As someone who uses a ton of aluminium foil (almost daily) for use in my oven as a protective/convenient layer, (and who didn't know that foil was bad for recycling...) what can I use as an alternative that is better for the environment?

If applicable it would be fine to mention multiple goods that would replace certain specific functions of aluminium foil.

Currently, for example, I use aluminium foil for sustained temperatures up to 550 degrees Fahrenheit, as well as for broiling/toasting sometimes, in addition to the usual more common cooking functions.

  • What about parchment paper? For example this one (no affiliation) is home compostable and has FSC label.
    – THelper
    Commented Aug 21, 2019 at 15:27
  • @THelper I edited in some additional information, but regarding the parchment paper- it would be a good partial replacement (for non-broiling and temperatures below the range specified as 'safe') but I would also be interested in additional replacements for the hotter temperatures and for broiling.
    – Onyz
    Commented Aug 21, 2019 at 15:30
  • Can you supply more information on how you use aluminum foil in broiling? I assume you line the dish you are cooking in with foil to ensure more even browning. In that case, you can equip your oven/broiler with permanent aluminum panels and skip the foil completely, or you can invest in a shiny pan that is oven safe as your container. Note that the aluminum lining is not strictly necessary for an even broil if you invest some time in determining the broiler's sweet spot. Commented Aug 21, 2019 at 17:47
  • @RollingCompass To be honest, usually when I'm broiling something it's one of the last steps (I do a normal bake and then broil to finish it) so the foil is just there from the earlier step, underneath the food- but I'm not a chef so maybe aside from aluminium foil I'm doing something wrong there as well.
    – Onyz
    Commented Aug 21, 2019 at 17:51
  • 2
    @Onyx In that case, you can just leave the foil away entirely and simply oil/butter your baking dish well and you won't have any problems with sticking food. I haven't been using aluminum foil in the kitchen for years now, substitung it for parchment paper when baking or leaving it out entirely for more high temperature endeavors. Commented Aug 21, 2019 at 18:13

7 Answers 7


I want to frame-challenge your assumption that aluminum is a poor choice due to difficulties in recycling. The linked question refers to "aluminum food packaging" such as soda cans, which is a composite of aluminum and epoxy. The epoxy is there to protect the aluminum from the food, and the food from the aluminum.

Aluminum foil is a different deal. And the frame-challenger there is to try to take a tour of your local {recycler | garbage stream} and ask to see their eddy current separator. You want to know if they have one.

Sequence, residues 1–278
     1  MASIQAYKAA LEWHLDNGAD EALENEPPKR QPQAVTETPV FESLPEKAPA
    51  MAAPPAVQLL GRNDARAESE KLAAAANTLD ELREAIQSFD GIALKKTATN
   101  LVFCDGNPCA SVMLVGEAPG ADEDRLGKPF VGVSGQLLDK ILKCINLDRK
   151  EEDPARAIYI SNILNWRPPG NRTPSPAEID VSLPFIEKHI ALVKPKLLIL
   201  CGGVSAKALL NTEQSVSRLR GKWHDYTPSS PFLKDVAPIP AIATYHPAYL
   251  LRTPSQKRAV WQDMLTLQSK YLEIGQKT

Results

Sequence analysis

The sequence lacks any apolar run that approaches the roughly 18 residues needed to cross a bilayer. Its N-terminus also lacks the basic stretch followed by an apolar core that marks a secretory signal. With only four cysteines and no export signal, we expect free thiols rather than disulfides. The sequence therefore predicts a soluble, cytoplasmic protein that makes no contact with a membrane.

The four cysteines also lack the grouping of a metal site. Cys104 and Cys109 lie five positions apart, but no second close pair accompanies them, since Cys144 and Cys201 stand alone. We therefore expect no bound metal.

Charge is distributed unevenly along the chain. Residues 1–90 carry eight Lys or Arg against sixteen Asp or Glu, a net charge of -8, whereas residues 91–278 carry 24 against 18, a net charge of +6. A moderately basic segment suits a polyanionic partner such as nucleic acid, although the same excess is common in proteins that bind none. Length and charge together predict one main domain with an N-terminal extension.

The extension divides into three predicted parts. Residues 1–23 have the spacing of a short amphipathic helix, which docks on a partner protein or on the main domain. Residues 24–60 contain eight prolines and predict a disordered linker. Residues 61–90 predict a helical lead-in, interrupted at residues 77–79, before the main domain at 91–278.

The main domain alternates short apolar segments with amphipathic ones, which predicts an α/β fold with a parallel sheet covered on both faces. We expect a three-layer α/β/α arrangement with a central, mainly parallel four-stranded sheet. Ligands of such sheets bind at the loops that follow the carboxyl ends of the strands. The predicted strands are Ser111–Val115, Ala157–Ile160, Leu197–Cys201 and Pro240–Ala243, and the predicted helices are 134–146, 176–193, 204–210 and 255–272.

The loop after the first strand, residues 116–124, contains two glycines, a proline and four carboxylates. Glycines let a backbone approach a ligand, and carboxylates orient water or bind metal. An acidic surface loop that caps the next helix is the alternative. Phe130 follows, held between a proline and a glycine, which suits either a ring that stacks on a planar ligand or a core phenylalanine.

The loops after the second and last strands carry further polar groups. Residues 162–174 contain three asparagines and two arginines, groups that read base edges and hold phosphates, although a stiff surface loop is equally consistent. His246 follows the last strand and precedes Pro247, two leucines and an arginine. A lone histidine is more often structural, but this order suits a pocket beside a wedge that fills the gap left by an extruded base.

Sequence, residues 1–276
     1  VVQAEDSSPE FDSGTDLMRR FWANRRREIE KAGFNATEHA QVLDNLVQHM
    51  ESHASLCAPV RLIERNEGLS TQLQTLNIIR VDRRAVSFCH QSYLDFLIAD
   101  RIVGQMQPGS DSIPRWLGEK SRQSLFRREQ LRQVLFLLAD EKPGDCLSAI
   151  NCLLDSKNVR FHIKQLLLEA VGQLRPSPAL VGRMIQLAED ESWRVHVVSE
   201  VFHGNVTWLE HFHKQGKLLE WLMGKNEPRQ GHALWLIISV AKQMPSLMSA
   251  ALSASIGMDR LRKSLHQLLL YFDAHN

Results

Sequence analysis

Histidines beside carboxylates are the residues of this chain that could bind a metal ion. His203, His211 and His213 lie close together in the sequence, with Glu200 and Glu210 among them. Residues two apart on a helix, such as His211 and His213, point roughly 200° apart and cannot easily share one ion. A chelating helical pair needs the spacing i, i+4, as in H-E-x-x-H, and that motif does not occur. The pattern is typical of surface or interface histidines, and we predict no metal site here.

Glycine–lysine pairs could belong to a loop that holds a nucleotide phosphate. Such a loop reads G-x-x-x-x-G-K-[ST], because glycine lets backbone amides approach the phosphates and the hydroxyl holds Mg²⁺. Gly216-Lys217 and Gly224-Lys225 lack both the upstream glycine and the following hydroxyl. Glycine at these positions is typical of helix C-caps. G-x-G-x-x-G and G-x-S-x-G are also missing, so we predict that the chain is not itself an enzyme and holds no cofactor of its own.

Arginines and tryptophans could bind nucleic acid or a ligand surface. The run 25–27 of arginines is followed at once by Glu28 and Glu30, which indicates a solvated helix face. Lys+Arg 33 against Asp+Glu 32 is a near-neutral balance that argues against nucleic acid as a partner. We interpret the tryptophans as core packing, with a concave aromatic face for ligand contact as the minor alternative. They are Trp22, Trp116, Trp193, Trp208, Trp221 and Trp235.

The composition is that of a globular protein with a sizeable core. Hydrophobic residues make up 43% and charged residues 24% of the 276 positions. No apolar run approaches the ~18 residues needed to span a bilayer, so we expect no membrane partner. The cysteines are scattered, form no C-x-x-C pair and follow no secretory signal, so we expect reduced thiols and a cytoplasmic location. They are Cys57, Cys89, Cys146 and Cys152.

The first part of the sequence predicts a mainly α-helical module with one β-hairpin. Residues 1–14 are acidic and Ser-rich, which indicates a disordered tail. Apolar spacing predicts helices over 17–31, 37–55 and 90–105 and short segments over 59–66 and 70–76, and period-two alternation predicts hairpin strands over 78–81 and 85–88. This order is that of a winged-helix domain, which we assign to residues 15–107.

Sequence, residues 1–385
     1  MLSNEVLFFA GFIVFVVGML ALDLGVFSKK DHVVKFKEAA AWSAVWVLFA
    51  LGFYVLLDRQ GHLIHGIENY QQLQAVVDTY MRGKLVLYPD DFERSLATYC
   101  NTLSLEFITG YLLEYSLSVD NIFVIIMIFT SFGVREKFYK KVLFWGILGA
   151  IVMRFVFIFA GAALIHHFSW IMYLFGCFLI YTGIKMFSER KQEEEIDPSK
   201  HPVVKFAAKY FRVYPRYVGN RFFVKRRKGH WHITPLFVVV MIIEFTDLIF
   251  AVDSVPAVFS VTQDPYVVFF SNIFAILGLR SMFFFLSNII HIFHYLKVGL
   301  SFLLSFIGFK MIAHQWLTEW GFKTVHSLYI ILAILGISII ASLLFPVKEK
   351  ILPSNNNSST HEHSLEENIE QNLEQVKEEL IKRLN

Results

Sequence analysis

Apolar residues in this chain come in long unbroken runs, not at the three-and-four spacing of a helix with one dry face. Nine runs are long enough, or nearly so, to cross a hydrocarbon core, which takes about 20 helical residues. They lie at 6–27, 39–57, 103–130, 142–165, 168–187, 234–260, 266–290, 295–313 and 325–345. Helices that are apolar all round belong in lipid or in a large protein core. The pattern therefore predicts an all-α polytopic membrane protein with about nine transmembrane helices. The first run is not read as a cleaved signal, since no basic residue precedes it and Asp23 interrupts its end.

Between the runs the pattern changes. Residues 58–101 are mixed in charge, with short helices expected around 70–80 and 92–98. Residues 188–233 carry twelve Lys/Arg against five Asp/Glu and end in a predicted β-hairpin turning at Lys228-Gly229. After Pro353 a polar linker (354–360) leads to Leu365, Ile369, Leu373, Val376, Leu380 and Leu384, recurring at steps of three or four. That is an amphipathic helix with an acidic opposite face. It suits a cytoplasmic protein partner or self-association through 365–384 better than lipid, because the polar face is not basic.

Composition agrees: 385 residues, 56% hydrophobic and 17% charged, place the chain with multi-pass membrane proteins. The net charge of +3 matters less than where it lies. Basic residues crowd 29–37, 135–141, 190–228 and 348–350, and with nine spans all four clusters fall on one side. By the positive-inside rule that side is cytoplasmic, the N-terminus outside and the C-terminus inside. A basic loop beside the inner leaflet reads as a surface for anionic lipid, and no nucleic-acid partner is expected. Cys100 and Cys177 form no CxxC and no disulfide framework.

Yo, magnets, oh!

So certainly the recycling stream, and maybe the waste stream, go through two interesting process.

First, they use magnets in the normal way you would expect, to yank out any ferrous metals - basically iron/steel. That's to keep them out of the next process.

Now, have you ever seen the inside of an AC induction motor? It has one moving part: a "squirrel cage" made entirely of aluminum. The fixed windings in the motor create a magnetic field that "spins" at 50/60 Hz. what can that do to aluminum? It can make electrons move in the aluminum, creating its own magnetic field which reacts against the first one. This works so well almost every AC powered motor is this.

Back to our eddy current separator, the garbage is dragged through a strong, spinning magnetic field. Non-ferrous metals "Jump!" ...while normal trash does not. At $3/pound for copper, this is worth doing just for the mineral value. Aluminum comes along as well, and now that they've separated it, it's no trouble to recycle it.


You can freely dump aluminum into any waste stream where this is done.

Make it eddy-current friendly

The problem is a very thin sheet of aluminum foil may not have the density to pick up the magnetic field, especially if it's been mashed up in your waste stream and attached to other things.

So fold or crush it down into the densest, most compact form that you possibly can. Make it into an "aluminum nugget". Feel free to make a big aluminum ball out of multiple items, but past tennis ball sized, you surely have diminishing returns.

Metals recycle more efficiently than almost any other substance. They are, after all, atomic; literally atomic. Al is an element. The energy savings in reusing aluminum vs mining bauxite and smelting it is staggering.


I'd suggest getting a high-quality enamel baking dish - enamel/ceramic, in my experience, is much better at being "non-stick" than Teflon, lasts a lot longer, as well as avoiding the potential risks of the latter.

That way you won't need to line it, thus avoiding the foil.


Not possible to recycle foil everywhere, here in Ireland for instance. Because it is not clean before going to the centres for recycling. The same applies to cling film, which you have another name for. While storing food we use a plate or saucer to cover cooked food. In the oven or grill we use a lid or if the worst comes to the worst, me or the dish-washer copes.